Former Sen. Warren Rudman expected some opposition to his proposals about reforming Social Security, but not the barrage of criticism he encountered last week at UJA-Federation headquarters in Manhattan.
When Charles and Andrea Bronfman formed their sizeable philanthropic foundation 15 years ago, there were some who feared it would destroy the Jewish Agency for Israel by working outside the Jewish federation network.
Spaghetti sauce simmers in a pot as hot as this August afternoon, the aroma wafting through the three-stories of a dull-red row house in Brooklyn: Rabbi David Rosenn memorizes it all. The new organization he founded, Avodah, was in its inaugural day, Aug. 23, 1998, and as with all birthing, the ordinary was infused with the sanctity of dreams.
Declaring a Monsey landlord's apparent neglect of a complex he owns a disgrace to the community, an Orthodox Rockland County legislator is taking steps to mend fences with local Hispanics. County officials have slapped the Hyenga Lake Development, a Clarkstown bungalow colony populated mostly by Central American immigrants, with more than 70 violations of health, fire and safety codes. The complex is reportedly owned by Rabbi Mendel Wagschal, a member of the Satmar chasidic community in Monsey.
Lawrence Kaplan felt he had to be here. The Judaic studies professor traveled from Montreal to the Grand Hyatt Hotel in Manhattan on Sunday because he was feeling religiously isolated. He wanted to show support for a fledgling enterprise: a two-day conference on Modern Orthodoxy designed to show that the embattled liberal wing of Orthodox tradition is not an anachronism in an increasingly fundamentalist world.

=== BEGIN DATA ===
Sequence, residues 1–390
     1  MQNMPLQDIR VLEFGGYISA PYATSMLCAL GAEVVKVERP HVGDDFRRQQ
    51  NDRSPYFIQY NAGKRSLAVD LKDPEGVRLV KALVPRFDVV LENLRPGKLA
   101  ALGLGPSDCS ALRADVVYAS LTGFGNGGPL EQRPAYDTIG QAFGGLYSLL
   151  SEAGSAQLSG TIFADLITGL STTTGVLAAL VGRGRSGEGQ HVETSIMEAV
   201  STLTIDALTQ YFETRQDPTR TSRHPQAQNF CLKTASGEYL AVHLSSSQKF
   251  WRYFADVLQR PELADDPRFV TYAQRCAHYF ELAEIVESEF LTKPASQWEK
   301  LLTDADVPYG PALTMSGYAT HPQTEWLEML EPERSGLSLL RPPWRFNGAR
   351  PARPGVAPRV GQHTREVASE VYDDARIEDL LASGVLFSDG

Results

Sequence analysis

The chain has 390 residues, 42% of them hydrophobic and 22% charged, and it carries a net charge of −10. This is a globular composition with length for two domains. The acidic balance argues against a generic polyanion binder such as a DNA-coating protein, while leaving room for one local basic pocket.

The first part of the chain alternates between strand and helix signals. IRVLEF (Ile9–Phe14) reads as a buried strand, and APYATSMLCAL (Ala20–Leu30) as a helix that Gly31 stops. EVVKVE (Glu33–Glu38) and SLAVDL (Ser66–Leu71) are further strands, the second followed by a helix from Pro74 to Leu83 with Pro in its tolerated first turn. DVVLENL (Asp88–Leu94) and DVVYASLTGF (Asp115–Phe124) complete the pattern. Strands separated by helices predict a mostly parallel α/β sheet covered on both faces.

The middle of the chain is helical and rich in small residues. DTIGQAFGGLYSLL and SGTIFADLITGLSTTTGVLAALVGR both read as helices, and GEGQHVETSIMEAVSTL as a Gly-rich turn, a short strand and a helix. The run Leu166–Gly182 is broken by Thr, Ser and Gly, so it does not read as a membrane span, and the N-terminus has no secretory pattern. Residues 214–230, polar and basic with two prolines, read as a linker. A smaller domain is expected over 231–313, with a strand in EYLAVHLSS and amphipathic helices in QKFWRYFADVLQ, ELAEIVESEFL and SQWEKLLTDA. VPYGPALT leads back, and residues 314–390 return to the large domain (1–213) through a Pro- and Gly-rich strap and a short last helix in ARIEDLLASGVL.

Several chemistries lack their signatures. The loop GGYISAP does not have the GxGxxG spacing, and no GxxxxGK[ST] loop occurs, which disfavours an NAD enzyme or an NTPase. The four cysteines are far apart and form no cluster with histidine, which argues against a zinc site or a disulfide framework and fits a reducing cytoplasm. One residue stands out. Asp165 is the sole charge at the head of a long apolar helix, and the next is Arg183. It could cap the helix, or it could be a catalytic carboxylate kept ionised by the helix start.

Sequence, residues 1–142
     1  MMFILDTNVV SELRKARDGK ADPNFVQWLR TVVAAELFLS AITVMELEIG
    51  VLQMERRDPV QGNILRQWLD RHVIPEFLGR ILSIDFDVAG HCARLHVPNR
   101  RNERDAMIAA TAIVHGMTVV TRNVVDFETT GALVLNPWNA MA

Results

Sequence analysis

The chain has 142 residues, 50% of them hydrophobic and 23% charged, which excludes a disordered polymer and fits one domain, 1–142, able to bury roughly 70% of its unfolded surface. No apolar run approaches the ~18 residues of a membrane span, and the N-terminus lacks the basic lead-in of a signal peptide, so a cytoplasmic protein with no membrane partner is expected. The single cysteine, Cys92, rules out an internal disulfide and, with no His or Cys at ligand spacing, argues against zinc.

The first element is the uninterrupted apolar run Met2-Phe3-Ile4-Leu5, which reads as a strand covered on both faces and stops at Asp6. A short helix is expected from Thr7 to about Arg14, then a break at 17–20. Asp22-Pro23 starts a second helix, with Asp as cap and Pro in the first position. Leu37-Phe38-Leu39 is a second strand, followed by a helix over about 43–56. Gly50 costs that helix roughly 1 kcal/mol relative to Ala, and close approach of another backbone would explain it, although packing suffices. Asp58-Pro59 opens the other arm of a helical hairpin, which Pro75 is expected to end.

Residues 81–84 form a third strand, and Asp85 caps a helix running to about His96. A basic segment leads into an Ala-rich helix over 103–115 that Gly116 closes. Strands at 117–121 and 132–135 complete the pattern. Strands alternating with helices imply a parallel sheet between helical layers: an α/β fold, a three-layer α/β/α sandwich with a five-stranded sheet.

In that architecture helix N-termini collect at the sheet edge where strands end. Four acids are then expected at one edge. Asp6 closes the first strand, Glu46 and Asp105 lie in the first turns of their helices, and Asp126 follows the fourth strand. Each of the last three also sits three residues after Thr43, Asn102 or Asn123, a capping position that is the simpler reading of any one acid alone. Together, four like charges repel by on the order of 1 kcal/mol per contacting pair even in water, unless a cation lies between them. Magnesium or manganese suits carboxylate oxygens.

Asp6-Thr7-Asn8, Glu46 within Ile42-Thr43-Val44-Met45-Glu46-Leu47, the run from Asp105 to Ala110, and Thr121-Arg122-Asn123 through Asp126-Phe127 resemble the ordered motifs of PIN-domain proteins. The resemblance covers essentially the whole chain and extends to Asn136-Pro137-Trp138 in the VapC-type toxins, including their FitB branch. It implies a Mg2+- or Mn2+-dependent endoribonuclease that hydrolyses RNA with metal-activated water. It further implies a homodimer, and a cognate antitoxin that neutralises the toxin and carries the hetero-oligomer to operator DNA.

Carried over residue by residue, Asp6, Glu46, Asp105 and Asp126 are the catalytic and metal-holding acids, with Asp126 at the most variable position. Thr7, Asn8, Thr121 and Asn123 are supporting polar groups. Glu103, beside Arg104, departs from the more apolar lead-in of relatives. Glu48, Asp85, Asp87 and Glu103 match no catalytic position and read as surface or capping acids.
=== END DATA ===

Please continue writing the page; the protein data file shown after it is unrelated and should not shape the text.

"I didn't want it to be a failure," Kaplan confided.
He was not disappointed.
At least 17 German banks and industrial firms have agreed to contribute to a fund from which payments will be made to an estimated 100,000 Jews who served as slave laborers during the Holocaust, the German government announced this week. Needy survivors may also be entitled to payments from the fund.
The government hopes the fund will begin making payments to survivors by Sept. 1, the 60th anniversary of Nazi Germany's invasion of Poland and the start of World War II, according to Elan Steinberg, executive director of the World Jewish Congress.